Jon Jay adds necessary consistency off Cubs bench Reviewed by Momizat on . An underrated part of a successful team is a reliable bench bat, who can fill in as a starter or be relied on to pitch hit in clutch situations. For this season An underrated part of a successful team is a reliable bench bat, who can fill in as a starter or be relied on to pitch hit in clutch situations. For this season Rating: 0
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Jon Jay adds necessary consistency off Cubs bench

Jon Jay adds necessary consistency off Cubs bench

An underrated part of a successful team is a reliable bench bat, who can fill in as a starter or be relied on to pitch hit in clutch situations.

For this season’s Chicago Cubs, Jon Jay is filling that role and thriving in it.

A free agent signing this offseason after one year in San Diego and six in St. Louis, Jay was expected immediately to be the Cubs’ fourth outfielder, backing up the planned starting trio of Kyle Schwarber, Jason Heyward, and Albert Almora Jr.

Generally speaking, he’s maintained this role through the 2017 season so far, but his true value comes as being the most reliable bat off the bench.

Jay’s value is exacerbated by his heroic performance on Wednesday, as his pinch-hit three-run home run drew the Cubs even with the Tampa Bay Rays in the sixth inning (the Cubs eventually won 7-3).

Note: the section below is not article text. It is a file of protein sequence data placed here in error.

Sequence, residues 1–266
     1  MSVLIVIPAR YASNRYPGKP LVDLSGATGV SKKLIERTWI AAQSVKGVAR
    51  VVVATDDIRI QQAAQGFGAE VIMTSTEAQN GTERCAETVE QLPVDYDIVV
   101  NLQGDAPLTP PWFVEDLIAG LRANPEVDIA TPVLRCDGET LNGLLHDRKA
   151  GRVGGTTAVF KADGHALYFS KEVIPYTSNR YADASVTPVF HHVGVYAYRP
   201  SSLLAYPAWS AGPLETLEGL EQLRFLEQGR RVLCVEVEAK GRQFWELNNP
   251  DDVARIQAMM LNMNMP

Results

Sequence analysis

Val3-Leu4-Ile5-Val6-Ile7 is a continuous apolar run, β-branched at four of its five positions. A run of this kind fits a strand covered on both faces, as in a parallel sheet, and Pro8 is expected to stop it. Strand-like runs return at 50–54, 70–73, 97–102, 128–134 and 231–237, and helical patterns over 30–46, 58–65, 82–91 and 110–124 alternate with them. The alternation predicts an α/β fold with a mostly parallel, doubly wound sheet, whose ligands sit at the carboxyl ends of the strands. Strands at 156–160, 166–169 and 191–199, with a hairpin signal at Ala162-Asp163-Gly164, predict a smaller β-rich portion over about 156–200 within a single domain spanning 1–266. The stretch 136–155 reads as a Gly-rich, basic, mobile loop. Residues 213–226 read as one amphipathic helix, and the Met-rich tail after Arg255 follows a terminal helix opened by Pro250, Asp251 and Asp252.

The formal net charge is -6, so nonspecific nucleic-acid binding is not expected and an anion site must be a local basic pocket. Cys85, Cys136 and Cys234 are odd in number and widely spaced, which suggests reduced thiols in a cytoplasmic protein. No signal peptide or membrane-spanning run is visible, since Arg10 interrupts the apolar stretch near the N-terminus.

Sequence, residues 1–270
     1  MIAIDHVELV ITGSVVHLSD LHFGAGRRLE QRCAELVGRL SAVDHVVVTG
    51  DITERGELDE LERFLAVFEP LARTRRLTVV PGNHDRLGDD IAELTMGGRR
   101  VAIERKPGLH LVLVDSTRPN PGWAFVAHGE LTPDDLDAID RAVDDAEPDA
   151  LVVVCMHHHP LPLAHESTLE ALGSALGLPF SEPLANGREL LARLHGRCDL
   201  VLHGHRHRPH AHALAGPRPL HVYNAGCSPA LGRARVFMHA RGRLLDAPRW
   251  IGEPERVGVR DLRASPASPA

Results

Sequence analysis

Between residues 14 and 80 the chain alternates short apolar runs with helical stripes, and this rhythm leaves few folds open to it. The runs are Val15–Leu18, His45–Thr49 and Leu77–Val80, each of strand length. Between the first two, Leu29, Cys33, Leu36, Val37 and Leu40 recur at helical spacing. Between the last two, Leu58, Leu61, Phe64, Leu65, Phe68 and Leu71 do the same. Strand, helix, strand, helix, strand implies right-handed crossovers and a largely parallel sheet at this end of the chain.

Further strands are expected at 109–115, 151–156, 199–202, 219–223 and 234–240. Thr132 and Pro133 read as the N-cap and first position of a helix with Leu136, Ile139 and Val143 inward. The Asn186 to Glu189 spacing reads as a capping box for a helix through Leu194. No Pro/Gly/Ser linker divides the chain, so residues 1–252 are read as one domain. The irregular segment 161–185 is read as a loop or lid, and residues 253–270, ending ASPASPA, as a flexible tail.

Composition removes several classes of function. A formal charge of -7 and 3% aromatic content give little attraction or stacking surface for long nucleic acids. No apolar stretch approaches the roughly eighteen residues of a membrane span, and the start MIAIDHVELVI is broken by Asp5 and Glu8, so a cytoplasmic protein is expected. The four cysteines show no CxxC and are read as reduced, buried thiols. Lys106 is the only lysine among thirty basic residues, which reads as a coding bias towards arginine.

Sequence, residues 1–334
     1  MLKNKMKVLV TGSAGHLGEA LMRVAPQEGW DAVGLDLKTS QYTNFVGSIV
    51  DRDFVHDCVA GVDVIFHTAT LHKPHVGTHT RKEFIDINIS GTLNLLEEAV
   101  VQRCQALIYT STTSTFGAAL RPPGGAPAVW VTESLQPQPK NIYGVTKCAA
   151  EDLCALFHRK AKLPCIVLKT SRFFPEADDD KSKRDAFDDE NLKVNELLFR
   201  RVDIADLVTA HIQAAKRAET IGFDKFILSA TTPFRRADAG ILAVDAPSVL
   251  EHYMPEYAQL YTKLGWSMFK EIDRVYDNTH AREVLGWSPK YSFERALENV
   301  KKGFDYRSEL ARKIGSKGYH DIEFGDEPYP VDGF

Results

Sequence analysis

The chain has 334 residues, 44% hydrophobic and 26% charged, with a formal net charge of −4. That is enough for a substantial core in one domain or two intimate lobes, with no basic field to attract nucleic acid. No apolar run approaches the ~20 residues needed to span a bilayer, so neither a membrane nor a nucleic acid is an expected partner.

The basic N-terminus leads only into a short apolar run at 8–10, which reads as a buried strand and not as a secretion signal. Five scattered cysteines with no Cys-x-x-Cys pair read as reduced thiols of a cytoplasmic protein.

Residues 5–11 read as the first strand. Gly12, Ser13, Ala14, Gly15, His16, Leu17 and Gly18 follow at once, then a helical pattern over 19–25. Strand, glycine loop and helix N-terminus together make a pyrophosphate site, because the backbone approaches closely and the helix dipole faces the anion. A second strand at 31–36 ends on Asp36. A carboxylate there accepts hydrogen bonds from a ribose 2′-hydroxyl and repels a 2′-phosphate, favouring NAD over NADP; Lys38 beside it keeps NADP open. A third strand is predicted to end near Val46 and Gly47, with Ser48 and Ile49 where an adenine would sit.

Wednesday wasn’t the first time Jay has helped the team off the bench this season. In fact, he’s become one of the best pinch hitters in all of baseball.

Entering July 6, Jay is 11-for-28 as a pinch hitter this season with a .919 OPS, impressive considering his Wednesday home run was his first as a pinch hitter this season.

New acquisitions for the Cubs have been hit or miss this season, considering the struggles of starting pitcher Brett Anderson, and the inconsistencies from relievers Brian Duensing and Koji Uehara.

In a year in which the Cubs have plodded along and struggled to stay above the .500 mark, consistency from Jay is a refreshing reprieve from the doldrums of mediocre baseball.

Jay has been productive in whatever role he’s been wedged into this season. His overall slash line this season is .305/.382/.409, one of the best of his career.

He’s also on pace to play in 141 games this season, which would be the third-most in his career.

Nobody will ever confuse him for a slugger, considering he has just two home runs and only 24 percent of his hits are of the extra-base variety this season, but his ability to simply get on base is extremely valuable to this team.

Again, there’s been a great deal of mediocrity on the north side this season. To have Jay consistently produce, even with a lack of power, has turned him from a potential luxury signing into a vital part of the club.

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